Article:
Ouch. That hurts.

“You still feuding with her?” I asked.

“No. Yes. Maybe. Hell, I don’t know. The woman talked bad about my son. That type of thing doesn’t go unpunished, friend or no friend. She crossed a line when she insulted you.”

“Mama, she’s been insulting me since Blayze was born. You about done punishing her and ready to move on?”

“Ha! Hardly.”

Rolling my eyes, I cleared my throat. “Well, I guess I’d better get me some sleep. I never seem to have a good draw in Tacoma.”


My breath stalled in my throat. I hated this part of our daily conversation. It was when I heard the fear in my mother’s voice, even though she tried desperately not to show it. The uncertainty that me following my dreams as a professional bull rider might not be the wisest thing anymore. Especially because I was the only parent my son had. It was something I fought internally every single day.

“I know, Mama.”

“I know you know, but I’m gonna say it anyway. Be careful and do your thing, but remember who’s really in charge.”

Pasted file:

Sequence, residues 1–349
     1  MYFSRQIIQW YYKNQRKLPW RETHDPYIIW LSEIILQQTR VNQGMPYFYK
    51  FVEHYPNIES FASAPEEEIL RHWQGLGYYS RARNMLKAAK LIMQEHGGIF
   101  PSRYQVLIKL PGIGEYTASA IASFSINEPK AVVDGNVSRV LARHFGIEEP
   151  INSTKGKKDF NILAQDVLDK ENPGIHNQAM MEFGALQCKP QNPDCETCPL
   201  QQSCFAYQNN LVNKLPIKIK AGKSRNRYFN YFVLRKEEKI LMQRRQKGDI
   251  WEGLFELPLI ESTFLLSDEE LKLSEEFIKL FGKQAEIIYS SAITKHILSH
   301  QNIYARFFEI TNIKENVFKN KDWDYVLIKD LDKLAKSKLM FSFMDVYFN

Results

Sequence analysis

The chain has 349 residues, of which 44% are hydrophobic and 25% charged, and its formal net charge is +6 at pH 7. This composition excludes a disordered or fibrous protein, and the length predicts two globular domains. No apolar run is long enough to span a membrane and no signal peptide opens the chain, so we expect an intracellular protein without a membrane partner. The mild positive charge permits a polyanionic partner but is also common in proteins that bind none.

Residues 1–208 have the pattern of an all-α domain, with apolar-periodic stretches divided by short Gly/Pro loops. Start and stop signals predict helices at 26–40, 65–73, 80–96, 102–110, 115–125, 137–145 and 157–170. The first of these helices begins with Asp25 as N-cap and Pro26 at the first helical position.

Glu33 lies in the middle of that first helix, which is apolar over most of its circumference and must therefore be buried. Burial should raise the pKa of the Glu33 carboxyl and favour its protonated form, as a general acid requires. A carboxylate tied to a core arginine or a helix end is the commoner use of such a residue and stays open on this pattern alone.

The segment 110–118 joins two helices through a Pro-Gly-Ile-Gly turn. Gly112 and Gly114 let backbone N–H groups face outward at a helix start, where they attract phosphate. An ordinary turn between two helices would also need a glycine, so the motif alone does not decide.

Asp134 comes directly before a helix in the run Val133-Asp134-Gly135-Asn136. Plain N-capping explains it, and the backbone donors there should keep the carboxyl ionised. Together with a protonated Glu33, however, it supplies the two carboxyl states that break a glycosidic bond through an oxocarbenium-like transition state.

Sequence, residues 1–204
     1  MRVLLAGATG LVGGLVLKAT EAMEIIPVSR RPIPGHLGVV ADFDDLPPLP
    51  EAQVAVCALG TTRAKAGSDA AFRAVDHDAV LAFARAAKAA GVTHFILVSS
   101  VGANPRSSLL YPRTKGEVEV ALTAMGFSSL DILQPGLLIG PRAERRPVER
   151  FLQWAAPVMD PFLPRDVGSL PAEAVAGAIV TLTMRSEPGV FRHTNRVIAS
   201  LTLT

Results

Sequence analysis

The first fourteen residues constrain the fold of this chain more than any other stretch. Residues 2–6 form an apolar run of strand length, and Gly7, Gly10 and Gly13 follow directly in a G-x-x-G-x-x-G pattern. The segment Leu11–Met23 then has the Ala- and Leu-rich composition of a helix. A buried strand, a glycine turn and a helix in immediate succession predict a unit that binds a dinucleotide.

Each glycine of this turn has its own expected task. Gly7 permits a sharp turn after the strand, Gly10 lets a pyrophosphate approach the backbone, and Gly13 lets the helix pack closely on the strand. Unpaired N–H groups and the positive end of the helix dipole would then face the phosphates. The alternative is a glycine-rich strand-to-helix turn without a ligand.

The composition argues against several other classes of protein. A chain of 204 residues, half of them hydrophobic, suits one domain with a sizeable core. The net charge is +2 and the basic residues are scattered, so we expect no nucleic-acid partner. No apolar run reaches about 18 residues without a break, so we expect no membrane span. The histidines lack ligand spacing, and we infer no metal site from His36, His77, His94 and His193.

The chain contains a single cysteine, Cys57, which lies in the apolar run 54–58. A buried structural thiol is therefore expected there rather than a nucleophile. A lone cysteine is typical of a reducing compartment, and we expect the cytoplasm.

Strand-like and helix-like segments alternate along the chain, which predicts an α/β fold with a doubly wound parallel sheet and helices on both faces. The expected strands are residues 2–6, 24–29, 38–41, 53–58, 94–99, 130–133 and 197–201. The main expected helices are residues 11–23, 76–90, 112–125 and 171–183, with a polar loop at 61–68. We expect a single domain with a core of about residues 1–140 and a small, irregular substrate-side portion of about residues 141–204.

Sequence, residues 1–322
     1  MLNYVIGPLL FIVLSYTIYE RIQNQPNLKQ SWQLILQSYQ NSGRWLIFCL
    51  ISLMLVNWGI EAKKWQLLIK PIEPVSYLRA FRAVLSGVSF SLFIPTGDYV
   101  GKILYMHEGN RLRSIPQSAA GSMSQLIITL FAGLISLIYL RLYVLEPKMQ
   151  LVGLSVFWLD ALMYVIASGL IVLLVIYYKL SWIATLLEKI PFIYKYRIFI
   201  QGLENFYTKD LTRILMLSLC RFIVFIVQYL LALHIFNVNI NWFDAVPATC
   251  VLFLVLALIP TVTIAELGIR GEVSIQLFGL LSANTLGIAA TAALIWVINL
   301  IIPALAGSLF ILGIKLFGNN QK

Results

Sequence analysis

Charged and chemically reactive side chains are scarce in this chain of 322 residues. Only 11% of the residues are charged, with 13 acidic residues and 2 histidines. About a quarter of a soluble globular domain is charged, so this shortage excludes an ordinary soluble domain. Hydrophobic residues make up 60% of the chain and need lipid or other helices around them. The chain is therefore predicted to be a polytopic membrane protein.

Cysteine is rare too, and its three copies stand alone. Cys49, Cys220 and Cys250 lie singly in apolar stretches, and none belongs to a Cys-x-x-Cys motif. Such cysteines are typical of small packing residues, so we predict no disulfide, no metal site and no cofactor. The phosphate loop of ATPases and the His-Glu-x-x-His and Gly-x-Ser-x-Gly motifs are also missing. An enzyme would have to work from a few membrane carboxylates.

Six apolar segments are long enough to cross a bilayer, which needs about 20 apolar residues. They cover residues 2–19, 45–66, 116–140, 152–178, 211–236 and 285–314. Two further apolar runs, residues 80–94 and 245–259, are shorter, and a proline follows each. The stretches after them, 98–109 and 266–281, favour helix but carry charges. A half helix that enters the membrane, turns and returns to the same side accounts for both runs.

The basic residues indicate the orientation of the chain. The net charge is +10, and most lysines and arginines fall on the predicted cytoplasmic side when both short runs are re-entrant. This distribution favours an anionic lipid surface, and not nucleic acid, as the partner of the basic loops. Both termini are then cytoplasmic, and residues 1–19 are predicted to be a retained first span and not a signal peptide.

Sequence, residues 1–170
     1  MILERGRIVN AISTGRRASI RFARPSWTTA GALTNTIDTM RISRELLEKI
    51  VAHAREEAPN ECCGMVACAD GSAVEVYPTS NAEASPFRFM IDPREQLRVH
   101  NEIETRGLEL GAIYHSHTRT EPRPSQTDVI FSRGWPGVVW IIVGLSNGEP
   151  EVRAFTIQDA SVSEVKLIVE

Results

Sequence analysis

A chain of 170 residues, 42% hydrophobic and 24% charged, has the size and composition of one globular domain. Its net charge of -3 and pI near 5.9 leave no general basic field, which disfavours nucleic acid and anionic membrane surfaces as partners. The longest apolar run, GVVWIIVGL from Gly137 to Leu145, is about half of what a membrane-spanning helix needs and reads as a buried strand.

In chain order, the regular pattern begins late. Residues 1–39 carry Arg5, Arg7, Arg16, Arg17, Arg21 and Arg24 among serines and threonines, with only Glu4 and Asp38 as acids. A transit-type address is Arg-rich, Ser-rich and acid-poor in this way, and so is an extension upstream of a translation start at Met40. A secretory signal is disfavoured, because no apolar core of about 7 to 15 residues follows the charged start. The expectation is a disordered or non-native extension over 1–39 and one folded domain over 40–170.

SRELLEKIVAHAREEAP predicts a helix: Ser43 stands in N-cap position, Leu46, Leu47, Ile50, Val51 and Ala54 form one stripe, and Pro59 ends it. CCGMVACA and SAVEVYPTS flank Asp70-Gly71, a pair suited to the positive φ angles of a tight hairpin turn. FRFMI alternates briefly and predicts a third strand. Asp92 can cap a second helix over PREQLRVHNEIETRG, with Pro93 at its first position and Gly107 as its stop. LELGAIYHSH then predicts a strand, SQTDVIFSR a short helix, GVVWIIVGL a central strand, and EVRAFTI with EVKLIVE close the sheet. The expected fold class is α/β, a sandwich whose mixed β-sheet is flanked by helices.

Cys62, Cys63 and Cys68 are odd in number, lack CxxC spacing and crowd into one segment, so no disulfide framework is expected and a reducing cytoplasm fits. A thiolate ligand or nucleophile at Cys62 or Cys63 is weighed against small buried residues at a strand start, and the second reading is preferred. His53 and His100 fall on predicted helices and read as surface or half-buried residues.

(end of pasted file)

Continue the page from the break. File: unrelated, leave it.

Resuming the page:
I nodded, even though I knew she couldn’t see me, and replied, “Yes, ma’am. May I say good night to Blayze?”

My mother called out my son’s name. “Blayze, Daddy wants to say goodbye! No, I’m not gonna wash your mouth out. Not this time anyway!”

I chuckled and again felt the deep ache of missing home. It didn’t take long for Blayze to get back on the line.

“Daddy, I’m gonna rope me a calf tomorrow!”

The drop in my stomach nearly made me sick. “Blayze, I was gonna show you that when I came home on Monday.”

“Yeah, I know, but Uncle Ty said that he could show me, ’cause you’re busy.”

My hand balled into a fist, and I counted to ten. I was going to kick my brother’s ass. Just because he couldn’t be on the circuit with me, he had to make sure I was as miserable as him. The only problem was, he was using my son to do it.